What was it like?
The anti-Skins sitcom following a gang of social rejects at a comprehensive school, complete with crude humour galore and a host of acute and nostalgic observations as the boys embark on the joys of a geography field trip to Swanage.
What was good about it?
• This show beautifully plays on the ridiculous playground codes and conventions and hierarchies that tainted our youth.
• The perfect example of this is Jay, who in the first two minutes was bragging about his friend in year 13. We all remember those days, where engaging in any minor form of interaction with an individual who arrived on this earth little more than 12 months before you increased your social status.
• Plus, the idea that the back seats of the school coach are reserved for ‘the hard kids.’ A classic quote from Will when suffered the age-old ejection: ‘We don’t have to move, we got here very early to secure these seats!’
• Mr Kennedy, the geography teacher grooming Neil with vodka and Speedos.
• Lauren Harris, the stereotypical image we forever had in mind at our own school when notified that a new girl would be joining us, and not the Satan worshipping Goth we always seemed to end up with.
• The character of Jay, a hilarious example that being the class clown didn’t necessarily make you popular.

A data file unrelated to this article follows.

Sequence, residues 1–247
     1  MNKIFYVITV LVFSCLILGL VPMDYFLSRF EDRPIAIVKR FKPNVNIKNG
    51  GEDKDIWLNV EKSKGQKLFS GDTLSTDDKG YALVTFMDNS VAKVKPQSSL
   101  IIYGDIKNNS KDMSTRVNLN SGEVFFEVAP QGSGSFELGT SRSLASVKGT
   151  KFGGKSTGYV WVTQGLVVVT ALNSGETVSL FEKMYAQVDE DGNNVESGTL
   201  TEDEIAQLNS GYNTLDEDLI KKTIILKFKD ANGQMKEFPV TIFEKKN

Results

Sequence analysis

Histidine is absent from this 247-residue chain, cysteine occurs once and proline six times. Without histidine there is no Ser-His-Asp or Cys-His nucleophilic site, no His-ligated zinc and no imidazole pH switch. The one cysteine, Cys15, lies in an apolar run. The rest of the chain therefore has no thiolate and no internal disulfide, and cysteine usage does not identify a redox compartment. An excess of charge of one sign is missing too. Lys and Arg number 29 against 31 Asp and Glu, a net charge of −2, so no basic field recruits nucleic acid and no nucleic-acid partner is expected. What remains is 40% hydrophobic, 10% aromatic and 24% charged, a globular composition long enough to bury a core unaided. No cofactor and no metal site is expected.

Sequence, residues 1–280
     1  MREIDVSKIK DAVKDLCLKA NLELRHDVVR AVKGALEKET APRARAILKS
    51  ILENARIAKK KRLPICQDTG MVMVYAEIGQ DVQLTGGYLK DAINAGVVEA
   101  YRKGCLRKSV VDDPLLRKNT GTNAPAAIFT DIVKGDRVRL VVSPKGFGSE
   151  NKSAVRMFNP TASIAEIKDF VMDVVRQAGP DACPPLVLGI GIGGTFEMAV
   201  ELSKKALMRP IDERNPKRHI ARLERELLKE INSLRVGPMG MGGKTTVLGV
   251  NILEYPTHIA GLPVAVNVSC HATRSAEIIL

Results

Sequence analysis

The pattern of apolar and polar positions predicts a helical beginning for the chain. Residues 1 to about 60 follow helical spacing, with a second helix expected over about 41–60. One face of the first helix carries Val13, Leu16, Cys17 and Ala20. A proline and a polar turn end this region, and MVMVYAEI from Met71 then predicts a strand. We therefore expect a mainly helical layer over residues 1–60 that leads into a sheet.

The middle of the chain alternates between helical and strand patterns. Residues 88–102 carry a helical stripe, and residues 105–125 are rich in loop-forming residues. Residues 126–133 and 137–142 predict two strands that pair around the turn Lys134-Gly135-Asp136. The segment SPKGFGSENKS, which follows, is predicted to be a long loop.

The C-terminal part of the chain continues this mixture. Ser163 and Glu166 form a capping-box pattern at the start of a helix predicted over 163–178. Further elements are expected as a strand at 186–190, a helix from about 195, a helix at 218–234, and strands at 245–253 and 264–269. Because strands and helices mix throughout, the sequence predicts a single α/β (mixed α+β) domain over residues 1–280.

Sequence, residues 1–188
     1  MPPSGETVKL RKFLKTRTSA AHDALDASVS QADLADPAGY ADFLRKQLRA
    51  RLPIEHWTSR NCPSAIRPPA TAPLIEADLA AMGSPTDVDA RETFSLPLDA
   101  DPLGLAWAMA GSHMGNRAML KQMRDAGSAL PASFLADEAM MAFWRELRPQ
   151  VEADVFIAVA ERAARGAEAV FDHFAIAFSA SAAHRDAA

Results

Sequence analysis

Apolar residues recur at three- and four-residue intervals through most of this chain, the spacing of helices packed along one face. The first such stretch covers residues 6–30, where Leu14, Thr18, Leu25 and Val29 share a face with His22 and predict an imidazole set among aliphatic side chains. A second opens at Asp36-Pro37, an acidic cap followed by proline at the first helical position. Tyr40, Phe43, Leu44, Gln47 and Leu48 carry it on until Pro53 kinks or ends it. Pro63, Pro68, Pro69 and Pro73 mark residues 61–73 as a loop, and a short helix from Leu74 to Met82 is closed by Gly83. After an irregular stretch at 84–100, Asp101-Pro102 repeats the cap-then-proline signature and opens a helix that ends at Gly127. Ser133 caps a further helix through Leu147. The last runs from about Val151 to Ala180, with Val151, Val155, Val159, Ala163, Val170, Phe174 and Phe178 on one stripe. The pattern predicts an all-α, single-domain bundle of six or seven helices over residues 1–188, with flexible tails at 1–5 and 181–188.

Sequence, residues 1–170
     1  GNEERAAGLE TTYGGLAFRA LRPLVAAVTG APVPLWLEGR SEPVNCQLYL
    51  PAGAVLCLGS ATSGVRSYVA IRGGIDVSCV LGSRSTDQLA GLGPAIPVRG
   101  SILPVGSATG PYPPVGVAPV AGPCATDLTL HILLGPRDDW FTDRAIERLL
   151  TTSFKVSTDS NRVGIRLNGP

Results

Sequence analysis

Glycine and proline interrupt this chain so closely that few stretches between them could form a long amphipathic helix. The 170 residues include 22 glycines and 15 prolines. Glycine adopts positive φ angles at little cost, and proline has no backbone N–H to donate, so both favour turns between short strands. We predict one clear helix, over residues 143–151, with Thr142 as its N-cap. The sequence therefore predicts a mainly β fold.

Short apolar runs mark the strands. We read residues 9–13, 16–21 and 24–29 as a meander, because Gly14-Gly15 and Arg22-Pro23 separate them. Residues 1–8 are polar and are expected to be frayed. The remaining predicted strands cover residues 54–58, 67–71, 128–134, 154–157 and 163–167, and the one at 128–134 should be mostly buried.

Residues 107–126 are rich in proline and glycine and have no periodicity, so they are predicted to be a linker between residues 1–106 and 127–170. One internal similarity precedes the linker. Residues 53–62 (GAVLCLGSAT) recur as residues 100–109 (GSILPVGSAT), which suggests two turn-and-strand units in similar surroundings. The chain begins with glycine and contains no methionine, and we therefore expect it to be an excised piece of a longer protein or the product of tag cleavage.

• Feisty you are’, Will’s Yoda impression and even better, Lauren’s reply; ‘Have you ever been tested for Asperger’s?’
• The perfectly timed silence during the awkwardness of Neil punching a fish to death because it was kinder than allowing it to die in the water.
What was bad about it?
• Aww do we have to? Okay, but honestly we are seriously nitpicking… One minor flaw: the whole ‘randy teens go on a geography field trip and hilarity ensues’ has been executed far too many times previously. However, it was pleasant to see it receive an Inbetweeners style twist.
• Simon Bird never looked young enough to be schoolboy Will McKenzie but we didn’t mind because he’s so funny. Now Joe Thomas (Simon Cooper), James Buckley (Jay Cartwright) and Blake Harrison (Neil Sutherland) are losing their fresh-faced looks, it is sometimes hard to believe they are supposed to be schoolboys – until they open their mouths.
– Liam Smedley